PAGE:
Is Colombia's Uribe pulling a Chávez on term limits?

Colombian lawmakers voted Tuesday to call a referendum on whether the conservative US ally should be allowed to seek a third straight term.

By , Correspondent

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    Colombia's Interior and Justice Minister, Fabio Valencia (c.) celebrates with lawmakers after voting during a session of the Colombian Chamber of Representatives in Bogota on Tuesday.
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Colombian lawmakers voted Tuesday to call a referendum on whether conservative President Álvaro Uribe – a key US ally in a region now dominated by leftist leaders – should be allowed to seek a third straight term in office.

With 85 votes – the measure needed 84 to pass – the lower house of the Congress gave the green light to the referendum which, if approved, would allow Mr. Uribe to run in the May 2010 presidential elections.

If allowed to run, Uribe would most likely win, according to polls. The bespectacled leader has maintained sky-high approval ratings during his seven years in office. He is credited with bringing Colombia back from the brink of collapse by beating back leftist rebels from major urban areas and bringing rampant violence under control.

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But the vote, which has been dogged by allegations of irregularities, has angered critics and even some of Uribe's staunchest allies. They worry that if Uribe wins a third term, it could endanger Colombian democracy in the same way that many of the region's leftist leaders have done in recent years.

"The best example of what could happen is Venezuela," warned opposition lawmaker Germán Varón, referring to the erosion of checks and balances in Venezuela after a decade of President Hugo Chávez's rule.

Scrapping term limits: It's all the rage

Throughout Latin America, governments have been changing constitutions to allow reelection, once banned almost regionwide to prevent the rise of strongmen. But presidents have found one term too short to follow through on their policies.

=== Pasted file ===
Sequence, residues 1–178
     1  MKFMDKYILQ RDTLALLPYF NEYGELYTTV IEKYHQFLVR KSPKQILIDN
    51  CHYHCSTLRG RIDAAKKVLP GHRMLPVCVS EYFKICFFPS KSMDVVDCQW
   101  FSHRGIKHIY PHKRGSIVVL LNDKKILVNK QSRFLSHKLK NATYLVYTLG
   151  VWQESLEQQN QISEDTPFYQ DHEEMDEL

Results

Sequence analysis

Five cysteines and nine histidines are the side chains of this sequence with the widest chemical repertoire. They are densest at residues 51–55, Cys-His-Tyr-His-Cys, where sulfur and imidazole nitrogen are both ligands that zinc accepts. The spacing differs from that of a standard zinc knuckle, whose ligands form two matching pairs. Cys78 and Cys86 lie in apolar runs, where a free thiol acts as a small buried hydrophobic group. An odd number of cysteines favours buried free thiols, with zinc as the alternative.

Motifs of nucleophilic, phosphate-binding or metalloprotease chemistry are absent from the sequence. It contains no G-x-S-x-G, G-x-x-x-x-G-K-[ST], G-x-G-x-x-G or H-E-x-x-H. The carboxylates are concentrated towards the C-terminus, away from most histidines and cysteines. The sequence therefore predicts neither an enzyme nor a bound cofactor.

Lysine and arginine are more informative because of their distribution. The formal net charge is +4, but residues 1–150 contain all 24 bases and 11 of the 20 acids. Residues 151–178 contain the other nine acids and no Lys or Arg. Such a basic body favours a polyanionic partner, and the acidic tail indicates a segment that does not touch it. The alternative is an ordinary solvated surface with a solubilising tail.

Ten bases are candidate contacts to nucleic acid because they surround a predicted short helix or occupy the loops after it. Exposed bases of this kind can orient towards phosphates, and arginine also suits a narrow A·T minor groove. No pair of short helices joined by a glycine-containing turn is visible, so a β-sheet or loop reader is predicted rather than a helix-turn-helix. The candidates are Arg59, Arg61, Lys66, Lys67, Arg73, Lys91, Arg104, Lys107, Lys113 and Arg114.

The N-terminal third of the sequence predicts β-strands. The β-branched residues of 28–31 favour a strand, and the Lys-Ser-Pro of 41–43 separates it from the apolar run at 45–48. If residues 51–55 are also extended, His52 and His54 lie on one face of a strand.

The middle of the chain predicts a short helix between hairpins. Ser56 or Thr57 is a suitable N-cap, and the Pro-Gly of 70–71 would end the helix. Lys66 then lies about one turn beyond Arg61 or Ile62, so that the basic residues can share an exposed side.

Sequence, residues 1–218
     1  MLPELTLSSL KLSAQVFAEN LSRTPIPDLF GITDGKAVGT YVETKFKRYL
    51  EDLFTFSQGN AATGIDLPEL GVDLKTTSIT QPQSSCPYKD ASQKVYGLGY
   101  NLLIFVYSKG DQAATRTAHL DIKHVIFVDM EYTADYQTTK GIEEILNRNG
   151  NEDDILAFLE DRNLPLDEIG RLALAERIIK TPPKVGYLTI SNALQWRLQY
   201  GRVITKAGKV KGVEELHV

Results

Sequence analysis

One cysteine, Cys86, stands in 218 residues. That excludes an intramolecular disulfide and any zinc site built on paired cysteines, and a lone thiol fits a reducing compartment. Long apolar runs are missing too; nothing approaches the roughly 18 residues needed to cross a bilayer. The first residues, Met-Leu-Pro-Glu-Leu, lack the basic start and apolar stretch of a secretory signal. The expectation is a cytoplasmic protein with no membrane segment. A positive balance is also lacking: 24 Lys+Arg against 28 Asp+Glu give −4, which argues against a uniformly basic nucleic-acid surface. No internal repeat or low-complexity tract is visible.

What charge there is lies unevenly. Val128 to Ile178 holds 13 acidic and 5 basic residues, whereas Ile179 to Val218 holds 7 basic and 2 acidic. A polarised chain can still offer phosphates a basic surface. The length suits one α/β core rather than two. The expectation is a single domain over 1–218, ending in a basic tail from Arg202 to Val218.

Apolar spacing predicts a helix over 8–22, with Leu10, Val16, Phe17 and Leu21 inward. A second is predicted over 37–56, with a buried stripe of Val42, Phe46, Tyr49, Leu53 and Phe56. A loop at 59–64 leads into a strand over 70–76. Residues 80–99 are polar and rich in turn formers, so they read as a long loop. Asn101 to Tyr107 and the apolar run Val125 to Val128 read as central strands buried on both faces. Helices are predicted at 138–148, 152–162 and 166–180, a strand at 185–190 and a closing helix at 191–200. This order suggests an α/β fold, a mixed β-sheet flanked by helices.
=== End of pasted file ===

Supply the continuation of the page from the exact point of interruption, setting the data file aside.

Constitutions have been changed within the past few years to allow at least one reelection in Bolivia, Colombia, Ecuador, El Salvador, Nicaragua, and Venezuela.

But the change is not welcomed everywhere. The June ouster of Honduran President Manuel Zelaya was sparked in part by his alleged attempt to change the Constitution to allow him to run for a second term.

A race against time for Uribe

Before a referendum on allowing Uribe to run for a third consecutive term can be organized, the bill must be reviewed by the country's Constitutional Court, which could take months, leaving little time to hold the vote before the presidential election.

The court will look not just at the essence of the call for a referendum but at the way the measure was passed, which has been fraught with accusations of irregularities. "The constitutional court has been watching the proceedings very closely," says Elizabeth Ungar, a political analyst and director of a congressional watchdog group called Congreso Visible.

Could the Supreme Court reject the move?

Questions over the financing of the petition campaign that collected signatures in favor of the referendum and the way the measure was voted in Congress led the Supreme Court to open an investigation into the behavior of 86 lawmakers. In its passage through Congress, the ambiguous wording of the referendum question was changed to make clear that the president could aspire to a third consecutive term, rather than after four-year hiatus. And opposition lawmakers said that government officials were offering political favors to members of Congress in exchange for voting for the referendum bill.

On the same day the referendum bill passed, an arrest warrant was issued for a senator charged with receiving political favors from government officials in 2004, when Congress approved Uribe's first reelection. Two other lawmakers were convicted of accepting favors to change their vote in favor of reelection in 2004.

Says Ms. Ungar: "There are a lot of reasons to believe the constitutional court could reject [the bill]."

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